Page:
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Boeing X-37B OTV-1 (Orbital Test Vehicle 1) is the first orbital flight of the U.S. military space plane prototype and the first vehicle since the space shuttle orbiter able to return experiments to Earth for further inspection and analysis. It maybe launched on an Atlas V rocket from SLC-41 at Cape Canaveral Air Force Station, Florida on April 20, 2010.

U.S. military X-37B space plane prototype

The reusable robotic X-37B Orbital Test Vehicle (OTV) is a small space shuttle-like craft. The craft will launch like a satellite, housed in a fairing atop an expendable Atlas V Rocket and will be placed into low Earth orbit for testing, then it will be de-orbited for landing. The landing is to occur on a runway at Vandenberg Air Force Base, California with Edwards Air Force Base as the alternate site. The X37-B craft was built by Boeing's Phantom Works with the mission run under the wing of the Air Force Rapid Capabilities Office.

The X-37B is a risk reduction vehicle for space experimentation and to explore concepts of operation for a long duration, reusable space vehicle. The first flight will focus on vehicle checkout and test of subsystems such as thermal management, power control and distribution, and attitude control.

The duration of the mission hasn't been announced, although an Air Force spokesperson has said the vehicle has a requirement to be on-orbit for up to 270 days. The Air Force isn't saying what equipment is stowed inside the spaceplane's unpressurized cargo hold, which is about the size of a pickup truck bed.


Specifications:

Length 29 feet (8.8 meters)
Wingspan 14 feet (4.2 meters)
Weight 11,000 pounds (4,989 kg)
Experiment Bay  -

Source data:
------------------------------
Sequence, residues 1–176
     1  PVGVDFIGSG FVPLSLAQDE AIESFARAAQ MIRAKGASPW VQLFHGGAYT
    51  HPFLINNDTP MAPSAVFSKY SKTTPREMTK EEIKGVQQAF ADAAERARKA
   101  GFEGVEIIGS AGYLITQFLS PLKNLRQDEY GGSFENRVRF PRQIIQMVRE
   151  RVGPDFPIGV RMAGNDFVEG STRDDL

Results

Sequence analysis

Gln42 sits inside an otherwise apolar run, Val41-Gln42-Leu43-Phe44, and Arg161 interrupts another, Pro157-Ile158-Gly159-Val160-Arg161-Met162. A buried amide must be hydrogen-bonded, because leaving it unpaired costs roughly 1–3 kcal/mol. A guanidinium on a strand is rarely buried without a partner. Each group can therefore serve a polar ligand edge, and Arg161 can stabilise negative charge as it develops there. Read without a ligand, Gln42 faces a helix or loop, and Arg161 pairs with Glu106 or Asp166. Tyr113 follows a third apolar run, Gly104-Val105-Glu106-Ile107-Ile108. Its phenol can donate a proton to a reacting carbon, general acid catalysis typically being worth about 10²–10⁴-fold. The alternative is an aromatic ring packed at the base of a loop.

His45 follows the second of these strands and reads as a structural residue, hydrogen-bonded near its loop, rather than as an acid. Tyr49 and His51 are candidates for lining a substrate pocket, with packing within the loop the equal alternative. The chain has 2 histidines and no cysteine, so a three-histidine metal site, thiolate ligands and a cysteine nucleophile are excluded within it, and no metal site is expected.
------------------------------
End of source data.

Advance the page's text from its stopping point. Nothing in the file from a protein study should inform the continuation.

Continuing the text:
On-Orbit Propulsion  -
Propellant  -
Manufacturer  Boeing

History

NASA guided the project through its infancy before funding dried up in 2004 and the agency handed over its X-37 assets to the Defense Advanced Research Projects Agency. The Air Force took over in 2006 after another programmatic shake-up.

On November 17, 2006 the U.S. Air Force announced it would develop the X-37B from the NASA X-37A. The Air Force version is designated X-37B Orbital Test Vehicle (OTV). The OTV program builds on industry and government investments by DARPA, NASA and the Air Force. The X-37B effort will be led by the Air Force Rapid Capabilities Office and includes partnerships with NASA and the Air Force Research Laboratory. Boeing is the prime contractor for the OTV program.

The X-37B was originally scheduled for launch in the payload bay of the Space Shuttle, but following the Columbia accident, it was transferred to a Delta II 7920. It was subsequently transferred to the Atlas V following concerns over the spacecraft's aerodynamic properties during launch.

A second test for the X-37B is scheduled for 2011.

Related:

Military Space Books: includes Spy Satellites, Dyna-Soar, Ballistic Missile Defense and more.


X-37b Space Vehicle links:

Air Force's Mystery X-37B Space Plane Fuels Speculation: By Space.com (18/4/2010

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Updated: Tuesday 1st, April, 2014

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